- and encourage an active alumni community that supports and advises the department and our students.
- Recognize, explore, and evaluate important challenges, ideas, people and events in environmental studies;
- Master methods and technologies that enhance their ability to learn about and study interdisciplinary environmental problems and solutions (e.g., research design, enhance critical thinking, quantitative analysis, software tools such as statistics and GIS);
- Demonstrate effective communication (written, oral and visual) skills and student leadership abilities; Engage in independent and collaborative scholarship and have opportunities to showcase their research on and off campus through research symposia, publications, and electronic media;
- Participate in challenging on- and off-campus opportunities and integrate these experiences into their academic departments;
- and Learn how to exercise individual responsibility and facilitate change on campus, and at local, regional, national and international levels through their coursework, scholarship and service on issues pertaining to the environment and sustainability.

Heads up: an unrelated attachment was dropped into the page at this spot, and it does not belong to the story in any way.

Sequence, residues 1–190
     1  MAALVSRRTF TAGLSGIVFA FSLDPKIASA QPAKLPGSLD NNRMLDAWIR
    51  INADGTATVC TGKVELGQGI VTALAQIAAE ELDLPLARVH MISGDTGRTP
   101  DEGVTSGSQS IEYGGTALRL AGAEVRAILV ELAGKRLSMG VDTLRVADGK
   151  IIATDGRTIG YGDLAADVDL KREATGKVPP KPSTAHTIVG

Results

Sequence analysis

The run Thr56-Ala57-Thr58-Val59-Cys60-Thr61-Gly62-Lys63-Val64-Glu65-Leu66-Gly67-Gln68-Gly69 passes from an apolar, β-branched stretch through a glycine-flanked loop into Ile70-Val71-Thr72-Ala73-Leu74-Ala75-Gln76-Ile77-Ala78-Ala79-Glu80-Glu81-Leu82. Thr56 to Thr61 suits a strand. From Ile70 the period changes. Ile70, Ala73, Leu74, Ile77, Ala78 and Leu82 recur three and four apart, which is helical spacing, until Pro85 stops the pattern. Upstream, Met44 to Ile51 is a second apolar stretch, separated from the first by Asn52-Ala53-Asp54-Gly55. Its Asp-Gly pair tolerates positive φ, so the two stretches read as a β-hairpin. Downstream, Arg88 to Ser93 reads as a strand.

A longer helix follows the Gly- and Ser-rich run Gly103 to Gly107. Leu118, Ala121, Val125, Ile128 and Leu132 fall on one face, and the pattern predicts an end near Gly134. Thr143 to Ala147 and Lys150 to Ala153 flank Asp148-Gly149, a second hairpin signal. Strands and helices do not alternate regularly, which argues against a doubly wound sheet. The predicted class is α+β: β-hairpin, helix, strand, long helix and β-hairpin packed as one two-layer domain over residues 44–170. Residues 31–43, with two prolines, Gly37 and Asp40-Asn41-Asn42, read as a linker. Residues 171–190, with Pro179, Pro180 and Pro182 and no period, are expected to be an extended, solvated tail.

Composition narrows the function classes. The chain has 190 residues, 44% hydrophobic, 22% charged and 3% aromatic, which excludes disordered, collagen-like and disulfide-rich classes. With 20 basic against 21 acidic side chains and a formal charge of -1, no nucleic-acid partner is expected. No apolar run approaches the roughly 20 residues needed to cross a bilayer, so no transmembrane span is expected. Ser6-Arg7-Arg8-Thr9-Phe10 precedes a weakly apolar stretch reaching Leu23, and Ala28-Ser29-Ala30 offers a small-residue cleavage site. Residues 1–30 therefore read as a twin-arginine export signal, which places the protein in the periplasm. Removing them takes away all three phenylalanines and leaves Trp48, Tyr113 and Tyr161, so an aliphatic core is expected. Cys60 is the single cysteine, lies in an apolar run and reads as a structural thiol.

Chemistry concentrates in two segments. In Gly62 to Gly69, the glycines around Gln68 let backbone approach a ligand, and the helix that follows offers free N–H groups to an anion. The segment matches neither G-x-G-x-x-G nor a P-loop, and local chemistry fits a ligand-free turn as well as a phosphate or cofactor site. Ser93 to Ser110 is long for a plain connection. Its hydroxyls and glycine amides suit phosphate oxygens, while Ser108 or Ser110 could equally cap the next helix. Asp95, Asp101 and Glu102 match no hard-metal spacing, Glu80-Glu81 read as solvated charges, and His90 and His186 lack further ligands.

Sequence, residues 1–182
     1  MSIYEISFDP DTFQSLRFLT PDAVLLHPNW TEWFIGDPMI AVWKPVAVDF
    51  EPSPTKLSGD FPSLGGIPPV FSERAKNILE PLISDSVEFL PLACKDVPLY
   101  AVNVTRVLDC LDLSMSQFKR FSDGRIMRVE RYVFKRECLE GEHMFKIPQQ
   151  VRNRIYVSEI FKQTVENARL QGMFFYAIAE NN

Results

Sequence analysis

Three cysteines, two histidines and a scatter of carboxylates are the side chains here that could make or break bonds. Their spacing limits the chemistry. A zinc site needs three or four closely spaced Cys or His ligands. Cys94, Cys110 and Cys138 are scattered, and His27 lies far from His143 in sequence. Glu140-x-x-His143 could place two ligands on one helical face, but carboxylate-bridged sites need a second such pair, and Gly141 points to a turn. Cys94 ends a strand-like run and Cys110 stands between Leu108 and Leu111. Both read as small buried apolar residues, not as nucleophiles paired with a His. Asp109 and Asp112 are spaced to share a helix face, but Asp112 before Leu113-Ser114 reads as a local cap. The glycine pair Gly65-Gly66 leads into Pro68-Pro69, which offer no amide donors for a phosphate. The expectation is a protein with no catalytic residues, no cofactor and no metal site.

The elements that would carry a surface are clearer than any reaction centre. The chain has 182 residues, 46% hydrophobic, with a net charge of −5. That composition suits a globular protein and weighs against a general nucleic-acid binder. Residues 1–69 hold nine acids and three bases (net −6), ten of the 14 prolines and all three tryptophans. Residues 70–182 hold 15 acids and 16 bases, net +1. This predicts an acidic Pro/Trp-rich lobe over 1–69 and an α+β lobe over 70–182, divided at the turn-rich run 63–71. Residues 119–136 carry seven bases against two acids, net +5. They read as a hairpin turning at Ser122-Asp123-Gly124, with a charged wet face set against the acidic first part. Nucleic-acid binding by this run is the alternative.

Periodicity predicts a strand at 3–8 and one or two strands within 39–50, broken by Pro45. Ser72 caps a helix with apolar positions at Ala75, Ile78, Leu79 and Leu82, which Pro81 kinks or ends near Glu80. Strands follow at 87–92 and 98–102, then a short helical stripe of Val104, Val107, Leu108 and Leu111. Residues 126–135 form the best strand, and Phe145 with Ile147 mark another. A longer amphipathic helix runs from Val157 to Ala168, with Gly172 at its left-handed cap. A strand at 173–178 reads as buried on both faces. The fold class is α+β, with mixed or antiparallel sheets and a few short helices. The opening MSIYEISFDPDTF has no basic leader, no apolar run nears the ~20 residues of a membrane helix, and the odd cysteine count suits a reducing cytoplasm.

Our students and faculty are active locally, nationally, and internationally in studying and helping to solve these challenges. ES is one of the fastest growing departments at Colby and we offer a diverse interdisciplinary curriculum. Our gateway and senior capstone courses are national models. Books and articles authored by Colby faculty are used around the world. We have received major funding from the Andrew W. Mellon Foundation, the National Science Foundation, and many other sources to support our initiatives. Colby was one of the first colleges in the nation to purchase 100% of its electricity from renewable energy sources, and we are committed to the goal of carbon neutrality. Our nationally-recognized department has won awards from the U.S. Environmental Protection Agency and the State of Maine in recognition of our commitment to environmental sustainability as reflected in our innovative project-based curriculum and for enabling our students to engage with environmental challenges at Colby, in Maine, and around the world. Recent examples of student-led initiatives include establishing an organic garden, developing a climate change action plan for the campus and the local community, and raising awareness at the state and federal levels about the dangers of using hazardous chemicals in personal care products and children’s toys.The Environmental Studies department offers interdisciplinary majors in environmental policy, in environmental science, and in environmental computation as well as a minor in environmental studies that can be elected by majors in any discipline. Each ES major provides a broad-based course of study and prepares graduates to understand and to address the many complex environmental challenges facing our country and the world.